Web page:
NUT conference: Union leader goads Michael Gove, saying she's proud to be a member of 'The Blob'

Delegates attack decision to spend £45m on new selective school in Westminster while existing sixth-form colleges face cuts

Education Editor

A teachers' leader has declared yesterday is proud to be a member of “The Blob” - the derogatory term used by Education Secretary Michael Gove to disparage his opponents.

Christine Blower, general secretary of the National Union of Teachers, made the comment as she pledged “to lead as much action as our members feel is right” in the union's fight with the Government over Gove's school reforms.

She added that she and her deputy general secretary, Kevin Courtney, had “led more action than at any time in the last 30 years”.

“We have had: assaults on pensions; the prospect of working to 68 and beyond; deregulation of pay; punitive performance management; morale at a low ebb; an accountability system ruining the lives of many good and experienced teachers - as well as two in five teachers leaving in their first five years,” she added.

The union's annual conference voted on Monday for national strike action in June - the fifth time they have organised a nationwide walkout since the coalition Government took office.

Ms Blower said the union had to draw its own election manifesto for education to combat Mr Gove's reforms, adding: "Perhaps we'll call it 'Better Learning Outcomes for Britain - or 'BLOB'."

The Blob , the term used by Mr Gove to dismiss his critics, comes from a 1950's science fiction movie starring Steve McQueen - which was about an amoeba that ate humans.

Read more: What is 'the Blob' and why is Michael Gove comparing his enemies to an unbeatable sci-fi mound of goo which once battled Steve McQueen?

“I'm certainly very proud to be included in that group whom Michael Gove seeks to disparage with his use of that term,” Ms Blower said.

She also criticised plans for new compulsory tests for four-year-olds - to be introduced in 2016 - saying: “Not only are we testing children at far too young an age but a new and sinister expression has crept into our language.  Children are now to be made 'school ready'.  Surely, conference, what we want is for schools to be child ready.”

Ms Blower also hit out at what she termed the scandal of the Government's decision to spend £45m on a new selective school for sixth-formers in Westminster while existing sixth-form colleges were facing cuts.

“From the start the union has been absolutely right about free schools,” she added. “It's the wrong model and is leading to a massive waste of public resources.”

Her comments follow unanimous backing from the conference for strike action in sixth-form colleges where staff are facing redundancy. Conference delegates also announced plans for a national campaign to oppose the setting up of the new school.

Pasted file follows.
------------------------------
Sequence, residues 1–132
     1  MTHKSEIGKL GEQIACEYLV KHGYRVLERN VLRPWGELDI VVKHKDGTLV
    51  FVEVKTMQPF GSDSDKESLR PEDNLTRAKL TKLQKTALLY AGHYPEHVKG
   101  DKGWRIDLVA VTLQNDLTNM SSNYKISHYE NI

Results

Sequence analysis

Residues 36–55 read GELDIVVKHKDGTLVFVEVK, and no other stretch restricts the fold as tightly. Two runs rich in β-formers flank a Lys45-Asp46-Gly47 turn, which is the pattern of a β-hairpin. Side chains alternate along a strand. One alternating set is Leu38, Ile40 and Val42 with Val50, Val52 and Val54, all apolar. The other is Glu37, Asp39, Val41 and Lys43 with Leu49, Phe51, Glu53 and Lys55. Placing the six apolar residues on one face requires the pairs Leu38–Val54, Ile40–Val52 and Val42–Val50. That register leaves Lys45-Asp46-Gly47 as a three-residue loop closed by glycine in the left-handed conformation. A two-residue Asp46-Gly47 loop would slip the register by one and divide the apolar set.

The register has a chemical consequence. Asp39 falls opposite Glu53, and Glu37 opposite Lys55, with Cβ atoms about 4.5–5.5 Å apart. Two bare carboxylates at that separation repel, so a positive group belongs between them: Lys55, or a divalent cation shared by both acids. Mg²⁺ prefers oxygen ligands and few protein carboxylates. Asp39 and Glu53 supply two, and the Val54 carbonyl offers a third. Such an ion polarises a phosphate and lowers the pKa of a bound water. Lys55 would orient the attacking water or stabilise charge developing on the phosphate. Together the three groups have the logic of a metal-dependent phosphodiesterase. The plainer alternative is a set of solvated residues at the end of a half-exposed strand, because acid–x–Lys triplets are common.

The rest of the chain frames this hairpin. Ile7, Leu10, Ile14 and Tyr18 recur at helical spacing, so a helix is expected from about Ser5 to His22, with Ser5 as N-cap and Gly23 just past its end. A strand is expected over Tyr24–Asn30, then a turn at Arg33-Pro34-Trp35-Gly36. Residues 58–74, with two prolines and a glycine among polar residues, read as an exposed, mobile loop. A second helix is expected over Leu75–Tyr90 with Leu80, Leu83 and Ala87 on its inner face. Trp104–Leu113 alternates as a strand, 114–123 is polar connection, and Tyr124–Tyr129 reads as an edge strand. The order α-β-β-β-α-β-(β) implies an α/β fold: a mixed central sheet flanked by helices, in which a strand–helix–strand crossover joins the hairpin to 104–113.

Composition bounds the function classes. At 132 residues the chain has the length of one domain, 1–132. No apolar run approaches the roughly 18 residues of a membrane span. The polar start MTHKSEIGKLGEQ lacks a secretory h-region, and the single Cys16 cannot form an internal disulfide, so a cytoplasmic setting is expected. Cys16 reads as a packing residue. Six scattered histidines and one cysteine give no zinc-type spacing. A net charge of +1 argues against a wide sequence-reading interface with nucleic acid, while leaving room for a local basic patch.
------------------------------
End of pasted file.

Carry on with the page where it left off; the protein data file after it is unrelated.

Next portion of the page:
The school, sponsored jointly by Westminster independent school and the Harris Foundation academy chain, will offer places for 500 “bright” teenagers, mainly from disadvantaged backgrounds.

Philippe Harari, from Cambridge, said cuts to existing college budgets meant larger classes and no longer offering some subjects like law, modern languages and history as A-level options in some areas.

In addition to the cuts in funding, the sixth-form colleges were also having to pay VAT on goods and services - unlike academies and private schools which were exempt.  “This is a systematic ideological assault on the sixth-form sector,” he added.

Jerry Glazier, for the union's executive, accused Mr Gove of acting with “disdain” by cutting funding for sixth-form colleges “and then splurging £45m on a single selective free school in Westminster”.

Patricia Hartley, from Islington, said the campaign against the school would include a national lobby attended by representatives of sixth-form colleges throughout the country. The new free school is due to open this September.

“We should stand up for sixth-form college education for all working class students - not just all those with three A's who can go on to Oxford or Cambridge,” she added.

A spokeswoman for the Department for Education condemned strike action - saying it would only “damage the profession," and disrupt children's education.

Ministers, she said, had been meeting with teachers' unions and would continue to do so.

Mr Gove has praised the new Westminster free school, saying it will give a “fantastic opportunity” to disadvantaged young people - giving them the option of an education previously only reserved for the better off.

Start your day with The Independent, sign up for daily news emails
PROMOTED VIDEO
Have you tried new the Independent Digital Edition apps?
ebooks
ebooksA year of political gossip, levity and intrigue from the sharpest pen in Westminster
Sport
football
News
Tangerine Dream Edgar Froese
people
News
Rob Lowe
peopleRob Lowe hits out at Obama's snub of Benjamin Netanyahu
News
Davies (let) says: 'Everybody thought we were having an affair. It was never true!'
people'Our friendship flourished online. You can share some very revelatory moments at four in the morning…'